As 18th century England transformed itself from an agricultural to an industrial economy, its artists witnessed turbulent and disturbing changes that would not meet our modern interpretation of the word ‘romantic’.
Constable lived through one of the most eventful periods in the history of the English countryside. It spanned the agricultural boom years of the Napoleonic wars, the post Waterloo depression and the passing of the Great Reform Bill of 1832. In addition, the first part of the industrial revolution was well under way and brought painful change as:
- common land was enclosed and given to landowners, denying peasants their source of food and leading to civil unrest including arson attacks (including Flatford and East Bergholt)
- the countryside was depopulated due to mass migrations of men, women and children from the countryside to work in factories – note: England employed more than a million child workers, often in dangerous occupations, accounting for 15% of the total labour force
- steam power started to replace horse and man power not just for transport via the railways but also for agricultural jobs that had previously been done by hand – for example harvesting and threshing
Politically anxieties ran high due to:
- a national fear of revolution as America declared independence (1776) and bloody revolution and wars raging continually in France from 1789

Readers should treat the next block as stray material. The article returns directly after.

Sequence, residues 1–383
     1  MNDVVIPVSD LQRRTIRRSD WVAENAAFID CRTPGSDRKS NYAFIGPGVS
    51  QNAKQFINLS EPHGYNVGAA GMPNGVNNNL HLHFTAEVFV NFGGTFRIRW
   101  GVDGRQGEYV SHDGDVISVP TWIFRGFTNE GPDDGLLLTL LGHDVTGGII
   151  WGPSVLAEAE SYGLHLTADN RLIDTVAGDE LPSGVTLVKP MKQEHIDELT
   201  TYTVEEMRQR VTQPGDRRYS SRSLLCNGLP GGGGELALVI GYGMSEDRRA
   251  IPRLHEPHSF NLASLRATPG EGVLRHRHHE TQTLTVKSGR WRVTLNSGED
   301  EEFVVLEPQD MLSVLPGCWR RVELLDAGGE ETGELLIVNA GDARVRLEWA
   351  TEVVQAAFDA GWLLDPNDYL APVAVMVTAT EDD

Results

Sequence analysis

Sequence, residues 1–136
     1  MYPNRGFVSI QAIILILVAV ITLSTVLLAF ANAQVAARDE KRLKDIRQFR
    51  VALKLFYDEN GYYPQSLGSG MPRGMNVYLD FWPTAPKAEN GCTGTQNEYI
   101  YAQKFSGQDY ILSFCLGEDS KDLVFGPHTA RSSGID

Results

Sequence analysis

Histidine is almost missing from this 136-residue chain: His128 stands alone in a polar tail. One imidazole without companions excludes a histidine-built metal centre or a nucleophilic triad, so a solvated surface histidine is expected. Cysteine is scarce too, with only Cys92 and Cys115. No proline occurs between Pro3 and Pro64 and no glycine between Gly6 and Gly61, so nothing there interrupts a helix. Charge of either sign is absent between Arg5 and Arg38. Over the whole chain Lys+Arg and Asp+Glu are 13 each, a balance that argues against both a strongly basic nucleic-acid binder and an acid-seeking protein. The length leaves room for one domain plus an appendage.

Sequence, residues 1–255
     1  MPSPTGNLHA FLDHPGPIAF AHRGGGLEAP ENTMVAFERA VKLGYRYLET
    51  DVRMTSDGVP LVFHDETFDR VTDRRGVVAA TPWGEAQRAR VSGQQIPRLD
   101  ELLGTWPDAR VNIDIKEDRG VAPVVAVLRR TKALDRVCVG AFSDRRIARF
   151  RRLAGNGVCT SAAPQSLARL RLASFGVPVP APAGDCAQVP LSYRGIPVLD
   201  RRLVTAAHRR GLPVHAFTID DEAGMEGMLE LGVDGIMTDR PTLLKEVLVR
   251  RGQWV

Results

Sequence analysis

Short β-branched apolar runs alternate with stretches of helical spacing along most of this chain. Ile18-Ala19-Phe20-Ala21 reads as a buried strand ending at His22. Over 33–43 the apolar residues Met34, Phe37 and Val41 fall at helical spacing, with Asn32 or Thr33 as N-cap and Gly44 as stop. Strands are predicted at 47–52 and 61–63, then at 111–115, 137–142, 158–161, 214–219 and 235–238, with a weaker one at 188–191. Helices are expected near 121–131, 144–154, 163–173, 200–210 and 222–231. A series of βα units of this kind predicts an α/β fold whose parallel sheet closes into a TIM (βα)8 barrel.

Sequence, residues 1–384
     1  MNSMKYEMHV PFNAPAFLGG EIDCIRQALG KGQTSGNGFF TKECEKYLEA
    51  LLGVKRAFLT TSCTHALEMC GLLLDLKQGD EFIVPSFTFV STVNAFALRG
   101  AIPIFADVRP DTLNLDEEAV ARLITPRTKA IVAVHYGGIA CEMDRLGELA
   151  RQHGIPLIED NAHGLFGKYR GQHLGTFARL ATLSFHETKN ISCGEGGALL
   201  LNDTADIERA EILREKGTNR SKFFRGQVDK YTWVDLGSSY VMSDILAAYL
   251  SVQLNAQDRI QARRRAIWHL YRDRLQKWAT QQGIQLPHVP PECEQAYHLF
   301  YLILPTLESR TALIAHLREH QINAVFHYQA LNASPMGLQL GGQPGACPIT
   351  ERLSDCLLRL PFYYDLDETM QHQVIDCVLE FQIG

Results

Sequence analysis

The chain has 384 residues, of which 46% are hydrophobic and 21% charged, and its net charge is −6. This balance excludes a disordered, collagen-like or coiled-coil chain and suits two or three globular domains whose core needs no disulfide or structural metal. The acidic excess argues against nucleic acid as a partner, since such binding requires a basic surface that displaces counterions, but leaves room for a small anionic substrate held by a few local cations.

- the British prime minister Spencer Perceval being assassinated in 1812
- a fear of invasion due to Napoleon’s ambitions for European domination – he was eventually defeated at the Battle of Waterloo in 1815
- ideas of Liberty, Equality and Fraternity (watchwords of The French Revolution) driving change.
- The Reform Bill of 1832 gave the vote to all householders who paid a yearly rental of £10 or more and The Slavery Abolition Act of1833 abolished slavery in the British Empire. note: thousands of African slaves passed through British ports in abject conditions. It is estimated that British vessels carried 3.4 million or more enslaved Africans to the Americas. The industry went from strength to strength, with profits from the slave trade pouring into British pockets
- the Palace of Westminster burning down in 1834
As England became the richest trading nation in the world, there was a shift in political power as rich industrialists and merchants lobbied to share political power with land owners – people who were responsible for the country’s wealth wanted a say in how the country was run. Industrialisation brought enormous change to most people’s lives resulting in a higher standard of living for ‘the few’ while ‘the many’ were subject to appalling living conditions, exploitation and cruelty.